Top Rank Chair Bob Arum yesterday said that the "future of boxing was in big fights in big stadiums," such as Saturday's Manny Pacquiao-Joshua Clottey fight at Cowboys Stadium, according to Bill Dwyre of the L.A. TIMES. Arum also "mentioned Yankee Stadium," which will host the June 5 Yuri Foreman-Miguel Cotto fight, and the new Giants/Jets Meadowlands stadium "as his prototypes, as well as more in Dallas." Arum: "If boxing is to be big league -- and it's not now -- we have to put on these kinds of big events around the world. We can't be big league by putting on the same old casino fights. I look at these Vegas fights and I look ringside and all I see is people from Hong Kong. Nothing but guys from China. You aren't going to grow boxing's brand like that. The casinos don't give a damn about anything other than their customers, and it becomes a circus act." Arum "directed cracks at the Las Vegas casinos, with whom he has been doing business for years, and at the Floyd Mayweather Jr. camp." Arum "implied that he was pretty much out of business with the MGM Grand," saying Golden Boy Promotions is "in bed with MGM." When asked if he worried about upsetting Golden Boy with his comments, Arum, "surrounded by about 10 writers, said, '... Golden Boy.' Fill in your own profanity." Dwyre writes it is "possible that Arum was merely setting the table for the next round of talks, post Pacquiao-Clottey and Mayweather-Mosley fights, for the boxing granddaddy of them all: Pacquiao-Mayweather" (L.A. TIMES, 3/11).
PLANNING AHEAD: In Dallas, Barry Horn reports plans are "in the works to have Cowboys Stadium host its second fight card" this fall during the Cowboys' bye week. Arum said that the card "could include undefeated middleweight Julio Cesar Chavez Jr. ... and Kelly Pavlik, whose only loss has been to Bernard Hopkins" (DALLAS MORNING NEWS, 3/11). Meanwhile, Cowboys Owner Jerry Jones yesterday said he wants "all events" at Cowboys Stadium, "any events that will fill seats." Jones: "The Dallas Cowboys only play a set amount of games, but boxing you can do many, many times, and I'm interested in putting as many fights as possible in here. How many? I can't yet say. But we are interested" (LASVEGASSUN.com, 3/10).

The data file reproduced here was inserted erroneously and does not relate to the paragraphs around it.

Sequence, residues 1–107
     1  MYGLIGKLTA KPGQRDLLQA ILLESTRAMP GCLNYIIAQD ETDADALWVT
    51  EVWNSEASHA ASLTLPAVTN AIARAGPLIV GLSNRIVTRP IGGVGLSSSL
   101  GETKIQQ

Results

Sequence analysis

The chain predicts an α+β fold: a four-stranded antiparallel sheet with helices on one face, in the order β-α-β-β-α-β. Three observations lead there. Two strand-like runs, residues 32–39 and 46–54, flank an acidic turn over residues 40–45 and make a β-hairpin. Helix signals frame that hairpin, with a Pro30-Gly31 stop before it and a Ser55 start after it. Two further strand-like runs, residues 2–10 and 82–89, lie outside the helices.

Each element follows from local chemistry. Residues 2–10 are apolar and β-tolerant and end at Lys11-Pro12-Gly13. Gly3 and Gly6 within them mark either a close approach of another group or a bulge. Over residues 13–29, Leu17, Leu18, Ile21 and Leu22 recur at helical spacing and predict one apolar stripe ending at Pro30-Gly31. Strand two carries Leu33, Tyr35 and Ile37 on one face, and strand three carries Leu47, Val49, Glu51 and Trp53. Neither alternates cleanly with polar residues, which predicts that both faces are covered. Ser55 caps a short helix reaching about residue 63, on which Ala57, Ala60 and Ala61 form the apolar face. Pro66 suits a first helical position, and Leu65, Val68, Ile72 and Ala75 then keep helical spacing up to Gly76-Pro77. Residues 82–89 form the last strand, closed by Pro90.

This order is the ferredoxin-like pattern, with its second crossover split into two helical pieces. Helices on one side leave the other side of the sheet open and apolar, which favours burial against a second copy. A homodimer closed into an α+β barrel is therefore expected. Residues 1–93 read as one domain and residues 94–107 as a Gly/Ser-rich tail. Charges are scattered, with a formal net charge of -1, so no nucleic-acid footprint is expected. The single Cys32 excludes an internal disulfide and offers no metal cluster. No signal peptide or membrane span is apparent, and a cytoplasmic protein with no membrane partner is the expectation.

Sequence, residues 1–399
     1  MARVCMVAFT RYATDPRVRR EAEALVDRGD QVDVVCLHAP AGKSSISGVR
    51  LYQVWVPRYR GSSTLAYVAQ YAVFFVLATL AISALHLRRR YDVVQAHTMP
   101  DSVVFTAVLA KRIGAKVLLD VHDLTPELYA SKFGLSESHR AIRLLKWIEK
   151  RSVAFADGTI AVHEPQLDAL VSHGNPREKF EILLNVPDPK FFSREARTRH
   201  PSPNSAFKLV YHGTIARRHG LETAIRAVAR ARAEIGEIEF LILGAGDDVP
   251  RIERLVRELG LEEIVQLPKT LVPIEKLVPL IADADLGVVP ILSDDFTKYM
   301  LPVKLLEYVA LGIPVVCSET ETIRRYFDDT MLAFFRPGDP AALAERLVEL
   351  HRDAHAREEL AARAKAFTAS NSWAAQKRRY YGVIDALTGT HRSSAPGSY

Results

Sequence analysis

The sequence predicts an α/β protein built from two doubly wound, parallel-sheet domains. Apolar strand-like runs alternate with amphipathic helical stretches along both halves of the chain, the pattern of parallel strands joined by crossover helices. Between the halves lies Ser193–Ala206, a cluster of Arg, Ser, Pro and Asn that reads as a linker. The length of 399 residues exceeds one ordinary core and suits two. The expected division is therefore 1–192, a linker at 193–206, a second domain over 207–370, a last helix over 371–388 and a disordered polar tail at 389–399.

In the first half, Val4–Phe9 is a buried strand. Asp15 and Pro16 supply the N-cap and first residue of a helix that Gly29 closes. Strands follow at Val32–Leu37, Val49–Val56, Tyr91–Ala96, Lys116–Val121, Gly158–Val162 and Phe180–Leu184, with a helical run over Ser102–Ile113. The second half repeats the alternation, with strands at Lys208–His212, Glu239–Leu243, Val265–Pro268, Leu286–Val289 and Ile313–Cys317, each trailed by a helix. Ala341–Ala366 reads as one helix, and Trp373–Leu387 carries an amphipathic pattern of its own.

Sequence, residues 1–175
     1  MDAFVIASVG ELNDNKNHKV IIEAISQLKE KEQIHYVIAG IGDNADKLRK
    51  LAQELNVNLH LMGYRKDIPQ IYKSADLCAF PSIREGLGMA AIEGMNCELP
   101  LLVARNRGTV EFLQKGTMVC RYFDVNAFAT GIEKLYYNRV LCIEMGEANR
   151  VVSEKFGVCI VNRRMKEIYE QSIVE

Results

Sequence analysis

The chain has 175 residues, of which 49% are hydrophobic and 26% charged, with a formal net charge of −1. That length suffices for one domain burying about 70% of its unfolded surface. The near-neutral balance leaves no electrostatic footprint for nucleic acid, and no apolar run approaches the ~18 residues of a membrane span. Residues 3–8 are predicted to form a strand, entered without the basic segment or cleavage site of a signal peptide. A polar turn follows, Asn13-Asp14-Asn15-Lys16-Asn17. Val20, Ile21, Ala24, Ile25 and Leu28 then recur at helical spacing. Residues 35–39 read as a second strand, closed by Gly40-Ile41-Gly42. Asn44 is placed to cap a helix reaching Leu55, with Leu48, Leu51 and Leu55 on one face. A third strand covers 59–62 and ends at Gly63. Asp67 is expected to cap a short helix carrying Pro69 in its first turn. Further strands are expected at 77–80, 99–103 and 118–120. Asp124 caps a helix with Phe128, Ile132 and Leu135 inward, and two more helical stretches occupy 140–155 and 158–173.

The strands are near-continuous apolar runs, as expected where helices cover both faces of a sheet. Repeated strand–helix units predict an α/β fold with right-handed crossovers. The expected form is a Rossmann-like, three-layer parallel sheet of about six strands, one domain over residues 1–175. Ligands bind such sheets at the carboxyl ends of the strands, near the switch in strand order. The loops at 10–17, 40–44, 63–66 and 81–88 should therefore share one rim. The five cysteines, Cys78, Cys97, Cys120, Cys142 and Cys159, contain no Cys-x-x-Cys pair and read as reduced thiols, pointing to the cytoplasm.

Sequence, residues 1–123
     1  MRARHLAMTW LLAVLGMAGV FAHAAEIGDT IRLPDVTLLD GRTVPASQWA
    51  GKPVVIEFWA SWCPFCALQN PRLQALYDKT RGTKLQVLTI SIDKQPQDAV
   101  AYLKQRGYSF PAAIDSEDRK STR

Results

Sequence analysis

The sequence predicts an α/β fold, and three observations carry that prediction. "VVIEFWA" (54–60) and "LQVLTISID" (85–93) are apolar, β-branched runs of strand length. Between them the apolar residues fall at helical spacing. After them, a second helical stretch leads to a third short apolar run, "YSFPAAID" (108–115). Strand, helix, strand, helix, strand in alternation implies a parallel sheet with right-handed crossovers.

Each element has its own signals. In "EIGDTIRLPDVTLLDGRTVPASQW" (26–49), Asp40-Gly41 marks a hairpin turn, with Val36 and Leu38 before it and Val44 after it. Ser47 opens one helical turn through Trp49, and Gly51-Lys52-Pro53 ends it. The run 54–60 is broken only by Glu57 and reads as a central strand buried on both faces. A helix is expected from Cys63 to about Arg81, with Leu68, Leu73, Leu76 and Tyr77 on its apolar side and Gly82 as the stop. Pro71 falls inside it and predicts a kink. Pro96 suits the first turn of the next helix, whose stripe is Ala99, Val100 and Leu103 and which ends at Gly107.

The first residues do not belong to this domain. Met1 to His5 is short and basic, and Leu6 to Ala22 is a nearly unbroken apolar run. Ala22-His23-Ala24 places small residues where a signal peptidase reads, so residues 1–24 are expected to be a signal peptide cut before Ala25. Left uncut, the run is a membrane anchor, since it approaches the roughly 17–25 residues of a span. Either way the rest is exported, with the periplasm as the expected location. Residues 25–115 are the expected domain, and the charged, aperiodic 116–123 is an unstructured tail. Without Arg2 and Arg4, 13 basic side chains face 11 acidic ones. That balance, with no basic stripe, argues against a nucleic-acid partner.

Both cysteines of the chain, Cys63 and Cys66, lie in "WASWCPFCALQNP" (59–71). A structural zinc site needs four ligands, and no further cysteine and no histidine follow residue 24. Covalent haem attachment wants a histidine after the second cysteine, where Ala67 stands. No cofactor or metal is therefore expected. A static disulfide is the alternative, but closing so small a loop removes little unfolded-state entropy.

WORKING TOGETHER: In Ft. Worth, Tobias Xavier Lopez notes Arum yesterday "thanked UFC president Dana White for throwing his support behind" Pacquiao-Clottey. Arum noted that White "will be in attendance." Arum: "I am of a generation where mixed martial arts is strange to me. I don't particularly care for it, but that's personal taste. I know that they've done a wonderful job promoting it and they're nice people. I think it's good that we're going to help each other" (FT. WORTH STAR-TELEGRAM, 3/11).
In Detroit, Tom Walsh reports Andreas Apostolopoulos, the "improbable new owner of the Pontiac Silverdome, vows to revive the stadium as a big-event venue by investing millions of dollars in a place he bought for a meager $583,000." He has been "spending 75% of his time in and around Pontiac to make that happen, hiring contractors to paint, do electrical work, flush every toilet and turn on every faucet to get the building ready for crowds." Apostolopoulos: "We're gonna spend a lot of money here, create a lot of jobs, meet a lot of new people. It's not for sale, and it's never gonna be for sale." Apostolopoulos today is "expected to announce upcoming event plans and the hiring of a general manager" (DETROIT FREE PRESS, 3/11).
Three Banks Put In Proposals To Handle
Financing Of New Florida Atlantic Univ. Stadium
END OF AN ERA: In N.Y., Richard Sandomir cites officials as saying that the city is "spending about $25[M] to demolish" the old Yankee Stadium, and the city "expects to finish in June and start building a community park with three ball fields." City officials giving a press tour of the demolition yesterday said that they have "no intention of saving Gate 2, as preservation-minded advocates want, because keeping it would interfere with the location of the fields" (N.Y. TIMES, 3/11).
CLEARING A HURDLE: Florida Atlantic Univ. AD Craig Angelos Tuesday said that "three banks had put in proposals to handle financing" on the school's new football stadium, and that there is a "meeting Monday to go over the specifics of each proposal." In Ft. Lauderdale, Ted Hutton wrote, "What this means is the stadium has, at least for now, cleared another hurdle. If no bank had been interested, or only one, things would have gotten sticky" (SUN-SENTINEL.com, 3/10).